Passed/Failed: Nina Bawden

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The Independent Online
Nina Bawden CBE, 73, is a novelist

and children's writer. Her novels have

included `Walking Naked',

`The Ice House', `Family Money',

which was adapted for Channel 4,

and `A Nice Change', which came

out in paperback recently.

Her books for children include

`Carrie's War' and, to be published

later this year, `Off the Road'

Making a bit of a drama out of a bit of a drama? I was four when I went to a nasty little private school in Goodmayes, Essex. I was quite good at drawing and they made me do art classes with a lot of girls who were older, and smelt. Then at five I went to an elementary [state] school. It was much better, and I was better taught, but there was terrible bullying in the playground. I wasn't big, and I spoke properly. I wrote a play; as it was being performed, I realised how terrible it was. It included the line, spoken by the villain as he fell into an elephant trap: "Carruthers, I have broken my confounded leg!" I said, "I didn't write it!" It put me off playwriting.

Get me to the church hall on time: At 11, I passed the scholarship - only just; I wasn't very good at maths - to Ilford County High for Girls. When the Second World War started we were evacuated, first of all to Ipswich, and then to Aberdare, Queen of the Valleys, in south Wales. We had either morning or afternoon in the local school. I liked it; it was very free and responsible, there was nobody to tell you not to talk as you went from one church hall to another. I must have taken my School Certificate [GCSEs] in Wales.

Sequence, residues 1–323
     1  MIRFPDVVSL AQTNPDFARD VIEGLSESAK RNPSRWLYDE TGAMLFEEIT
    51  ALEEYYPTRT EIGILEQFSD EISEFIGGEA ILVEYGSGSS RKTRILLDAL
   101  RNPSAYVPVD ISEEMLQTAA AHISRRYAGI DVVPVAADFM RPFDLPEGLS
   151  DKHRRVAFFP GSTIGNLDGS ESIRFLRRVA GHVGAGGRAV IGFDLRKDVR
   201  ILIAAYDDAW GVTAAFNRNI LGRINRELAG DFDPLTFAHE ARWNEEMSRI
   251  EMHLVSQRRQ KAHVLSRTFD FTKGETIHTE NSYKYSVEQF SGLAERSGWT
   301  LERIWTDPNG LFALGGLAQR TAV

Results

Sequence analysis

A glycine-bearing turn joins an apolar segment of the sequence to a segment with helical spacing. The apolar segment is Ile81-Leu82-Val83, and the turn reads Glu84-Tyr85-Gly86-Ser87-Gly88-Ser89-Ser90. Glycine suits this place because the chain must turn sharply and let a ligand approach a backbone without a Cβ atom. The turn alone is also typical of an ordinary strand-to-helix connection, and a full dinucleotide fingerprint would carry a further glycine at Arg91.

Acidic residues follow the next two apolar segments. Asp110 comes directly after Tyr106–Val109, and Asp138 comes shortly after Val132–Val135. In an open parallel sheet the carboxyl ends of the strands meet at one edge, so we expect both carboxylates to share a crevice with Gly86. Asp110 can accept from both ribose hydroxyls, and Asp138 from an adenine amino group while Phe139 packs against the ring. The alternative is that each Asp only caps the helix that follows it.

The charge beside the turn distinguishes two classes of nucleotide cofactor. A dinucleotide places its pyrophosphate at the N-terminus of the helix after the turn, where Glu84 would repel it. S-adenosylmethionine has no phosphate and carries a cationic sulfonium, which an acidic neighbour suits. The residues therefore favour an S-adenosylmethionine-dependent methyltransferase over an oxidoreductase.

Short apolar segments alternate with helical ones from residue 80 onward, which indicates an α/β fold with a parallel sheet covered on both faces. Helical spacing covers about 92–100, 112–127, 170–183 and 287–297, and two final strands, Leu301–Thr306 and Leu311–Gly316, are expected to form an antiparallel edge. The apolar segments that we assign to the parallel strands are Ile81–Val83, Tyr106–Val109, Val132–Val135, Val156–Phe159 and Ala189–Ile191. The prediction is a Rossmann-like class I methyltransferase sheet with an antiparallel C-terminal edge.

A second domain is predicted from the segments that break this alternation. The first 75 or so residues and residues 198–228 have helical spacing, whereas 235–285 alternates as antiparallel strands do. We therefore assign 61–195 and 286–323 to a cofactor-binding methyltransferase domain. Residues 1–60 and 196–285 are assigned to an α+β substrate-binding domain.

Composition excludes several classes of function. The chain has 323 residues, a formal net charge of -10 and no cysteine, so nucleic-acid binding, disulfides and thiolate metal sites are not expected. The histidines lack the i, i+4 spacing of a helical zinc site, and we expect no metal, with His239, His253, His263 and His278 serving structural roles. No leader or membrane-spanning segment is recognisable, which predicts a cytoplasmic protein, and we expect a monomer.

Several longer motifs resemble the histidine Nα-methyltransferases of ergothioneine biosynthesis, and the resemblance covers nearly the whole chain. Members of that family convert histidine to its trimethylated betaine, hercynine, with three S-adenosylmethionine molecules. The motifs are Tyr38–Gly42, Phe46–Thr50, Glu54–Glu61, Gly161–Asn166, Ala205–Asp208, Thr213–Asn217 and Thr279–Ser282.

This little piggy tried for Oxford: We went back to London - and the flying bombs. I took my Highers [A-levels], and then my best friend's mother said: "You must go to Oxford." I took the entrance exam to Somerville. I was cleaning out the pigsty at a farm in Wales, where my mother had rented a room, when the results of my final school exam were handed to me by the postman, along with the news that I had a state scholarship to Oxford. I had waited for this letter for so many weeks that I had abandoned hope, deciding that I had failed ignominiously.

Somerville - and the living was easy? I read French for two terms and then decided, with the arrogance of youth, that reading a language was boring. I switched to politics, philosophy and economics and got a good second. I had Lord Lindsay (as he became), Master of Balliol, teaching me philosophy.

Shoulder to shoulder with Maggie: Margaret Thatcher was in my year, and our first-year college photograph shows us standing side by side in the back row. We were both grammar school girls on state scholarships. I was an active member of the Labour party and said to her that we should use our good fortune to make sure that, when the war ended, a new, happier, more generous society would take the place of the old one. She said that she wanted to get into Parliament and had more chance of being noticed in the Conservative Club because so many of the members were dull and stodgy.

Gone for a Burton? I met Richard Burton, an RAF cadet on a two-term course. I would have flirted more enthusiastically if it had not been for the horrid boils on the back of his neck.

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